Week by week we approach the Breeders’ Cup. The two-day Thoroughbred tour-de-force guaranteed to consist of world-class racing. Looking back on the first 9.5 months of racing so far in 2011, we’ve already seen our fair-share of great performances.
Now, great can mean a lot of things. It doesn’t specifically mean best physical performance. It doesn’t specifically mean most dramatic victory. It doesn’t specifically mean most exciting race. It’s a combination of things.
For the purposes of the following Top 10 list, great does mean that the replay has to be on YouTube – otherwise I wouldn’t be able to get a link.
The Top 10 Greatest Performances of 2011 (So Far)
10) Dialed In winning the Holy Bull – Unfortunately, his 2011 season was cut short due to injury, but this race put Dialed In on the verge of superstardom. There was A LOT of buzz about Dialed In before this race at Gulfstream – trust me, I was there. After this effort, Dialed In could have run for political office.
9) Amazombie “winning” the Los Angeles H. – He ultimately got DQ’d for interference in the stretch, but his toughness, ruggedness and downright bullying of a way through made me a fan. In the upcoming Breeders’ Cup Sprint, he may not be good enough, but you darn well know he’s not going to shy away from a tough spot. He’ll be my top pick.
8) Coil winning the Haskell – Before the race, I thought Coil would sit close to the pace. Before the race, I thought Coil was going to win. During the race, I was stunned to see Coil in last. During the race, I didn’t think there was a way Coil would win. After the race, I was very, very impressed.
7) It’s Tricky winning the Coaching Club American Oaks – Nothing better than a head-to-head battle for the entire length of the stretch.
6) Tackleberry winning the Gulfstream Park H. – Gameness aside, take a look at who was in this race. Rule is a very solid stakes horse. Duke of Mischief won a $1 million race this year. Tizway won the Met Mile and is a leading contender to win the Breeders’ Cup Classic and earn Horse of the Year honors. Jackson Bend won the Grade 1 Forego this year and may be the favorite in the Breeders’ Cup Dirt Mile. Tackleberry, a horse many people haven’t even heard of, held off all of them.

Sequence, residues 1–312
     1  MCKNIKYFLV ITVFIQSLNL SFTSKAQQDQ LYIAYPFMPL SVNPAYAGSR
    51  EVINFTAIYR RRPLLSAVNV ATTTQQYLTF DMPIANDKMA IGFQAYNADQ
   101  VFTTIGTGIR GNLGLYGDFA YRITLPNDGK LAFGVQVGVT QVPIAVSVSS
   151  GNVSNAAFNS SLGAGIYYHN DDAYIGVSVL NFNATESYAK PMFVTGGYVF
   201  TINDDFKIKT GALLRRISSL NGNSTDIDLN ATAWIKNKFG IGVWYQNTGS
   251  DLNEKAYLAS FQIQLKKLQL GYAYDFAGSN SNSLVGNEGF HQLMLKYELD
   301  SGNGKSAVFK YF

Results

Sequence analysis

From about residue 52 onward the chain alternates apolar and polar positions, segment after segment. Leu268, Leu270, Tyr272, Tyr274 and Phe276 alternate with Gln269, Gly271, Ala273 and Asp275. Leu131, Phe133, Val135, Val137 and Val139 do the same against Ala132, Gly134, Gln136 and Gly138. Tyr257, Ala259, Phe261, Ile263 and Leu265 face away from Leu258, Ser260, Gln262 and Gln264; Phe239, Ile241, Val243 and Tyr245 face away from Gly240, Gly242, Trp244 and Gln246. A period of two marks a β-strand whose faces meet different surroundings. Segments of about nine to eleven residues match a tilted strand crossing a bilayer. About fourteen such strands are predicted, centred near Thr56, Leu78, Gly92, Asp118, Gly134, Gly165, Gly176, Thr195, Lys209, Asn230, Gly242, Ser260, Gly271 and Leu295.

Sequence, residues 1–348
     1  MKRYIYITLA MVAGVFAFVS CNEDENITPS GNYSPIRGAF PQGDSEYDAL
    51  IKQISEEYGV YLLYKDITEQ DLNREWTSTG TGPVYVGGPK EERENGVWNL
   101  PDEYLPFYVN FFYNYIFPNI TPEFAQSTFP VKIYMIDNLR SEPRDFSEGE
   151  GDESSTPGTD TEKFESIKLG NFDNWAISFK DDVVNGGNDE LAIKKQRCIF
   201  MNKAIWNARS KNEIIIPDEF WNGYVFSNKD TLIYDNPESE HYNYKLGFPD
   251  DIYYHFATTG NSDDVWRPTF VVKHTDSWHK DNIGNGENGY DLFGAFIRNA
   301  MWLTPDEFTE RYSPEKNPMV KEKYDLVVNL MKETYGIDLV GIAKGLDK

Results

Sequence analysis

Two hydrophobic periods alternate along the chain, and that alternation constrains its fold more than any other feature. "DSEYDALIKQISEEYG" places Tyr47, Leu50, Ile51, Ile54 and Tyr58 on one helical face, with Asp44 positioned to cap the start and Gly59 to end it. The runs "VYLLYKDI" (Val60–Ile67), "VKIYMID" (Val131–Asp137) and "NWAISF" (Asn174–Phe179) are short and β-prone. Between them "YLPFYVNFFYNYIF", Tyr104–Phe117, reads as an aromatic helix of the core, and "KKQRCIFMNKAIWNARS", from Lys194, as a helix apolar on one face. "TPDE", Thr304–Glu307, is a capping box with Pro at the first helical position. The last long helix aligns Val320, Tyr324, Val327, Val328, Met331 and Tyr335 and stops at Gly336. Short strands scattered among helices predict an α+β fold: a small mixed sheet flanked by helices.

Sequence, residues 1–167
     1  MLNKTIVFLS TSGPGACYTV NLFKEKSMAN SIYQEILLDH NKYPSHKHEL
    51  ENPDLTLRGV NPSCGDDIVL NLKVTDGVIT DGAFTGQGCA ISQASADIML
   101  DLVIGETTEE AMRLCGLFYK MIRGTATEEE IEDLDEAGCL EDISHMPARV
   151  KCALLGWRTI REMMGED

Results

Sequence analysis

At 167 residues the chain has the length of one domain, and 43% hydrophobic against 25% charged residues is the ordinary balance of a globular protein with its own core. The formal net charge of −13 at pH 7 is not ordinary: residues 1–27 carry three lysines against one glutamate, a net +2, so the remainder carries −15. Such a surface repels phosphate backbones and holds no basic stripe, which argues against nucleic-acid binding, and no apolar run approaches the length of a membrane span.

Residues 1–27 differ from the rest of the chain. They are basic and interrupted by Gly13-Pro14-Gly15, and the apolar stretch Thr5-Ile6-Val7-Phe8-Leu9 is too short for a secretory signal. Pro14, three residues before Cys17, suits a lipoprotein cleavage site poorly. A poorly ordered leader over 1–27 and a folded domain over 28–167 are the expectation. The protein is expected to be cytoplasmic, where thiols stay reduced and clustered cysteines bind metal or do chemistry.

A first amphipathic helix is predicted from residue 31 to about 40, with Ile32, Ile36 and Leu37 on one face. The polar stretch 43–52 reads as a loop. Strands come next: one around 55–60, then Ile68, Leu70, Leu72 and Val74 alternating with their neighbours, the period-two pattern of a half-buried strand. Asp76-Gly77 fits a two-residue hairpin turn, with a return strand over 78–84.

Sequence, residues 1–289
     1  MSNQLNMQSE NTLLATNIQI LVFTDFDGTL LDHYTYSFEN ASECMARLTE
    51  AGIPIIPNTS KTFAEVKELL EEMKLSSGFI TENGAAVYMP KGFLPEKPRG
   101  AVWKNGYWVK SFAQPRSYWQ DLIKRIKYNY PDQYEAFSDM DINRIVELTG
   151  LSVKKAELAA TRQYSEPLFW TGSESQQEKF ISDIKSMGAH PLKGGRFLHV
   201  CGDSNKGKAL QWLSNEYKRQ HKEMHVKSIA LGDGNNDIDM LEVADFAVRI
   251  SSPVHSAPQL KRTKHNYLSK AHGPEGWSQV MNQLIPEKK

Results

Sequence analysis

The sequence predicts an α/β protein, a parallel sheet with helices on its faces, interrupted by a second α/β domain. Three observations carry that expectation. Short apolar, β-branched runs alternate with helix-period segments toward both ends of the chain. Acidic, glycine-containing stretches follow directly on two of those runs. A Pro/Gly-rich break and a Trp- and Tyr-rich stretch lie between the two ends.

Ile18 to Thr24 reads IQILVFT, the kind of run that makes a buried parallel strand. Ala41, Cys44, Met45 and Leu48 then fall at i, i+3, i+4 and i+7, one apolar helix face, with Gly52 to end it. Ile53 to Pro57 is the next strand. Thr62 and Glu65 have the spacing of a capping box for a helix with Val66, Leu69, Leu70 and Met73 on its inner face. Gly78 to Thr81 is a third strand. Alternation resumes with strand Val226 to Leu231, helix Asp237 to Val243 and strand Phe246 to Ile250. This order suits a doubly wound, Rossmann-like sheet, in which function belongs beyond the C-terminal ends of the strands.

5) Animal Kingdom winning the Kentucky Derby – Anytime you beat 18 horses I think you deserve to make the top five. I actually think the run he put in around the far turn of the Belmont after nearing fall on his face at the start was equally if not more impressive than this victory. I can’t wait for him to be back. I miss him.
4) Caleb’s Posse winning the King’s Bishop – This race had a little bit of everything – a blistering early pace, a returning 2-year-old champion taking the lead in mid-stretch, and the pent-up power of your eventual winner.
3) Game On Dude winning the Hollywood Gold Cup – This one had a little bit of everything as well – a stubborn foe on the lead, the approaching daunting presence of the heavy favorite, and the even faster-approaching presence of the super-sized First Dude.
2) Winter Memories winning the Garden City – My thoughts during the stretch of this race: “Come on find a way through. Oh no, she’s completely blocked. Oh, she found a way out, but it’s too late. Holy &%^*.”
1) Blind Luck winning the Delaware H. – Two great fillies absolutely throwing it down.
Brad Thomas’ Thursday Theories
Friday, October 14
Race – NJ Esq, more lightly raced and also better rested than all her rivals, was masterful in a “nolo contendere” case. Don’t be surprised if the filly successfully rises back to the state-bred non-winners-of-two allowance level before the meeting concludes.
Race 2 – Winning trainer Juan Serey had seven exacta finishes between May 30 and June 12. Then nothing – at least until July 3 when he had four exacta finishes between that date and July 15. Big D’s triumph here gave the streaky Serey three victories in the last four racing days.